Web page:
Historic pa and redoubt returned to Waikato-Tainui

  • Maggie Barry
Conservation Arts, Culture and Heritage

The historic site of one of the largest battles of the New Zealand Wars has been returned to iwi ownership as part of the 10th anniversary Koroneihana celebrations for Kiingi Tuheitia.

Conservation Minister Maggie Barry formally presented Kiingi Tuheitia with the deed of vesting for Rangiriri Pa and the adjacent Te Wheoro Redoubt historic reserves at a ceremony in Ngaruawahia today.

“Both the pa and redoubt are sites of immense significance for Waikato-Tainui and our shared history as New Zealanders,” Ms Barry says.

“This vesting gives us an opportunity to raise awareness of the New Zealand Wars and early conflicts between the Crown and Maori which marked the formation of our nation.”

Rangiriri Pa and nearby Te Wheoro Redoubt were built during the 1863-64 invasion of the Waikato and were among the first lands confiscated by the Crown during the conflict.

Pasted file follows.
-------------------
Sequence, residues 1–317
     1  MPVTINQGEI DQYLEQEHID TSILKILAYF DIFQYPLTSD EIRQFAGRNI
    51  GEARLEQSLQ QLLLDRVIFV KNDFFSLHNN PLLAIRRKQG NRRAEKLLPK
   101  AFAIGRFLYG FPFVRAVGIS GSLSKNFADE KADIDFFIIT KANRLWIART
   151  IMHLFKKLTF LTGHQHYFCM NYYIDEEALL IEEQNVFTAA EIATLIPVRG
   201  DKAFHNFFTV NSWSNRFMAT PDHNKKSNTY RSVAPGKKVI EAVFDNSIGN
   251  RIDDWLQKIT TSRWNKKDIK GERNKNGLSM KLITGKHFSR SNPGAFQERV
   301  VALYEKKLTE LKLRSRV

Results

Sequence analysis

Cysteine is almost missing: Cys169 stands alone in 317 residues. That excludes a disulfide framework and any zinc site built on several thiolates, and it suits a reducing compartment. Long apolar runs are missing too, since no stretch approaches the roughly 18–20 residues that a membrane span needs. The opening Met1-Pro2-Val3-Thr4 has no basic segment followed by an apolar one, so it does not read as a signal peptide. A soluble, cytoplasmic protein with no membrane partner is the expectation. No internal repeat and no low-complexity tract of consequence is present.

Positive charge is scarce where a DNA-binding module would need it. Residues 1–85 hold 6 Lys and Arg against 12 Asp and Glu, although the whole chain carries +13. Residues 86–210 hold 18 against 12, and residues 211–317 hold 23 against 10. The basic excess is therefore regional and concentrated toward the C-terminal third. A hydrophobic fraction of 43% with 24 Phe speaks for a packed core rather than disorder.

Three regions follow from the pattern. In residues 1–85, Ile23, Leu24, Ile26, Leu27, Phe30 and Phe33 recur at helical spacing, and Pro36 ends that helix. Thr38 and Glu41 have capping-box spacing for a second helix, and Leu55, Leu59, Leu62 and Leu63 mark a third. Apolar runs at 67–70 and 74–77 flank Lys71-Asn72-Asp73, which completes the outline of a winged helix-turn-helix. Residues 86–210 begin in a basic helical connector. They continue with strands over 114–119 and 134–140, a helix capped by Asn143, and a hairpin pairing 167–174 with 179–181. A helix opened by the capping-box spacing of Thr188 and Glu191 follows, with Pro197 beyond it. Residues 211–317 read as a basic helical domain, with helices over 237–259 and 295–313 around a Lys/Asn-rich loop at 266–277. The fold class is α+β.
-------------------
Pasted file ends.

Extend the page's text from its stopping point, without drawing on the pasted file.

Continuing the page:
The pa, a strong defensive position garrisoned by Kiingitanga Maori, was attacked on 20 November 1863 by colonial forces. Twelve hours of fighting ended with the surrender of the garrison, at a cost of more than eighty lives and hundreds of casualties

A colonial force left in the area after the battle constructed the Te Wheoro Redoubt, with both sites later becoming historic reserves owned by DOC and managed by Heritage New Zealand.

“The deed of vesting means that Heritage New Zealand and DOC will work together with Waikato-Tainui to ensure the protection of these sites,

“The Crown acknowledged the grave injustice done to Waikato-Tainui during the invasions in the Deed of Settlement signed in 1995 and reaffirmed later in the Kiingitanga Accord agreed in 2009. Through today’s ceremony we give effect to its principles of reconciliation, collaboration and shared respect.”